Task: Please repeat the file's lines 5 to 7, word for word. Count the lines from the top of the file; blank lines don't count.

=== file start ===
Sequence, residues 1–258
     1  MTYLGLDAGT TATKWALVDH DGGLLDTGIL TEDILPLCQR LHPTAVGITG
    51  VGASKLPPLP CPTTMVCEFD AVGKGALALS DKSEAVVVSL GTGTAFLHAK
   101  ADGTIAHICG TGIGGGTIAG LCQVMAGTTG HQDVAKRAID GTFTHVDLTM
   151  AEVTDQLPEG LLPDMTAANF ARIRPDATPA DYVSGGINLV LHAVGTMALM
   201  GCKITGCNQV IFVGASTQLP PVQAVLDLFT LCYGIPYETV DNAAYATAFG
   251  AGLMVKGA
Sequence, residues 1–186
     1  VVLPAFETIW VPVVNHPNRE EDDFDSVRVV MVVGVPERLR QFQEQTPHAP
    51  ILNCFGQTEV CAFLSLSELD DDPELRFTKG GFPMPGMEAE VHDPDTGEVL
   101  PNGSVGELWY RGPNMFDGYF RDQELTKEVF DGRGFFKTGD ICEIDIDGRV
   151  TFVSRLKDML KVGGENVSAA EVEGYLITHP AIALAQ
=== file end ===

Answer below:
   151  AEVTDQLPEG LLPDMTAANF ARIRPDATPA DYVSGGINLV LHAVGTMALM
   201  GCKITGCNQV IFVGASTQLP PVQAVLDLFT LCYGIPYETV DNAAYATAFG
   251  AGLMVKGA